This article first appeared in Personal Wealth, The Edge Malaysia Weekly, on May 30 – June 5, 2016.

Angel investments are an alternative vehicle to consider when traditional assets are delivering less-than-satisfactory returns. But there are high risks associated with such investments. Industry players give some pointers on how to minimise these risks and what to look for when evaluating start-ups. 

Angel investments can be seen as an alternative asset class used to enhance returns, especially when traditional assets are not providing high enough returns in the challenging global economy, says active Malaysian angel investor Pete Yoong, who is co-founder of Singapore-based digital advertising company CtrlShift Holdings Pte Ltd. 

“The reason why venture capitalism boomed in the US is because of low interest rates, fixed deposits and uncertain returns from stocks and bonds. As an angel and entrepreneur … I get to help start-ups succeed with whatever experience and network I have built over the years. Financial returns from start-up investing can be significantly higher, but angel investors need to understand that it is very risky. The rate of success is probably lower than 5%, and the investment is non-liquid until there is an exit following a sale or initial public offering,” he says.

But like many alternative investments, there is a high risk of losing all of your capital, and this happens more often than not in angel investing. Nevertheless, there are ways for aspiring local angel investors to mitigate the risks. One is the Angel Tax Incentive, a tax exemption given to investors to help lower the risks that are usually associated with early-stage investments. Approved by the Ministry of Finance and introduced in April 2013 by Cradle Fund Sdn Bhd, the tax incentive encourages investments in early-stage technology start-ups in Malaysia to boost the growth of the start-up ecosystem.

To qualify for the incentive, angel investors need to apply to the Malaysian Business Angel Network (MBAN), the country’s official trade association and governing body for angel investors and angel clubs. It is responsible for encouraging and promoting angel investing among local investors.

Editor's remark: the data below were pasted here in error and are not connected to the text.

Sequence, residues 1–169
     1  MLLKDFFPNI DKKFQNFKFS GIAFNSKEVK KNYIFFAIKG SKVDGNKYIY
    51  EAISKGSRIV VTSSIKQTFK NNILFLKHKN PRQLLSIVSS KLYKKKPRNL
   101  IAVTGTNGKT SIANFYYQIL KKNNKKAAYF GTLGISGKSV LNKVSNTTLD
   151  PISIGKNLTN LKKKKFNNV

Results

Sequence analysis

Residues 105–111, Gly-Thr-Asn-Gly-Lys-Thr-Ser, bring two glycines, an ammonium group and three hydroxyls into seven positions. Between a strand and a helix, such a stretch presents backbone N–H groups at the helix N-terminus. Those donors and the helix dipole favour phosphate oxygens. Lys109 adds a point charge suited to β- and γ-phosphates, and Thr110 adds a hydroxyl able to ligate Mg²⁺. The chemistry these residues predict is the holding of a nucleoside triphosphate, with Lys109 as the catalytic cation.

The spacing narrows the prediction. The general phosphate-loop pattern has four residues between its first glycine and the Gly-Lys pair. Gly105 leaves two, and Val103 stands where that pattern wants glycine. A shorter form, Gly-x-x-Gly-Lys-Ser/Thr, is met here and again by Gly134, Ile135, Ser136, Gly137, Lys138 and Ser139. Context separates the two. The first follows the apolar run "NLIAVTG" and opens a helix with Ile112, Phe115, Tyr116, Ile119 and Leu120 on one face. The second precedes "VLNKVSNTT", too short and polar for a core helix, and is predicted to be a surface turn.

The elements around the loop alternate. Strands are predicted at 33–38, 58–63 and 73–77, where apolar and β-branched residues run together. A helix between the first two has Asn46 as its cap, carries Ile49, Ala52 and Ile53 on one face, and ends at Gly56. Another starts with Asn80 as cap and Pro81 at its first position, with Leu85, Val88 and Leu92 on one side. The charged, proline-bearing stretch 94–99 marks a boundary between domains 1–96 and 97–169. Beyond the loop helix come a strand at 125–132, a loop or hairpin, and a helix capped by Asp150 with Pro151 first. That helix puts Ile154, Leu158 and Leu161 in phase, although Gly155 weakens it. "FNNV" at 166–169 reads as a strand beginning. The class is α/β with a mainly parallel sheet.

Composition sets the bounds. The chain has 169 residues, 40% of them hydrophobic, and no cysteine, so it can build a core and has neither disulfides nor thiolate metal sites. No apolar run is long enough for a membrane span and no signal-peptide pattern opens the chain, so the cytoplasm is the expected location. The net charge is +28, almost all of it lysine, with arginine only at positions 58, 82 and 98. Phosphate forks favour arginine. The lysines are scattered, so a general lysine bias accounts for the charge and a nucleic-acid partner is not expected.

MBAN previously came under Cradle Fund Sdn Bhd, an agency under the Ministry of Finance, but its operations have now been privatised. The network has accredited more than 115 angel investors and aims to provide accreditation for at least 200 more by the end of this year. 

MBAN president Dr Sivapalan Vivekarajah says that under the incentive, business angels are allowed to invest in up to five companies a year, with a minimum investment of RM5,000 to a maximum of RM500,000 a year. All investments must be fully paid in cash and the angels must hold shares in the invested company for a period of two years prior to claiming the exemption.

“So, if you are earning RM300,000 a year and you invest RM200,000 a year, in three years’ time, you only need to pay tax on RM100,000. You don’t have to pay tax on the RM200,000 you invested. About 70% of our members earn between RM180,000 and RM600,000, while 30% earn more. So, if you are earning RM600,000 and you invest RM500,000, you literally pay no taxes,” he says. 

However, the tax incentive is limited to certain high technology sectors, including advanced electronics and IT, telecommunications, healthcare and transport. Sivapalan says this is to encourage growth in the “new economy” companies.

“What the Ministry [of Finance] is trying to do is to encourage investments in ‘new economy’ companies because Malaysia’s future has to be built on these kinds of companies. We need to go into new forms of technology, whether it is manufacturing, services, or anything to do with innovation, to move up the value chain,” he says. 

While Sivapalan thinks there are enough sectors for business angels to invest in to enjoy the tax incentive, MBAN is also making efforts to widen the scope. “We are in talks to expand the tax incentive to sectors such as financial technology and renewable energy. But what is more important is to make sure they are already investing in the existing sectors,” he says.

Other ways business angels can minimise their risks include forming or joining an angel club and investing in a group (also known as syndicated investments). This way, the risks are spread equally among members while allowing them to tap each other’s skills and expertise. 

“For example, if you are in a group of six business angels, one of you may have legal expertise, one may have finance and market expertise and another may have technological expertise. When you put this group of people together, it is like having a super duper board of directors without having to pay for them,” says Sivapalan, adding that there are about seven angel clubs in Malaysia, with Coffee Biz Angels being the largest. 

Diversifying into multiple companies is also a good way to reduce the risks of angel investing. Sivapalan says an angel investor should not put all of his money in one company and hope that it succeeds. “For example, if I invest RM10,000 each in 10 companies and five of them fail to yield a return, I lose RM50,000. However, if one of these companies exits successfully and makes me a return of 10 times, I make RM100,000 and this covers all of my losses.”

Khailee Ng, who invests in early-stage companies, concurs. “This is a high-risk game. You are not just buying shares or investing in property. You put money in a company and the company can die or be the next multibillion-dollar company. I have seen angel investors make up to three to six times their investment in a period of three to six months. Sometimes, they lose their money very quickly, which is why it is important to diversify your portfolio and invest in many companies, because you never know which will hit the jackpot.”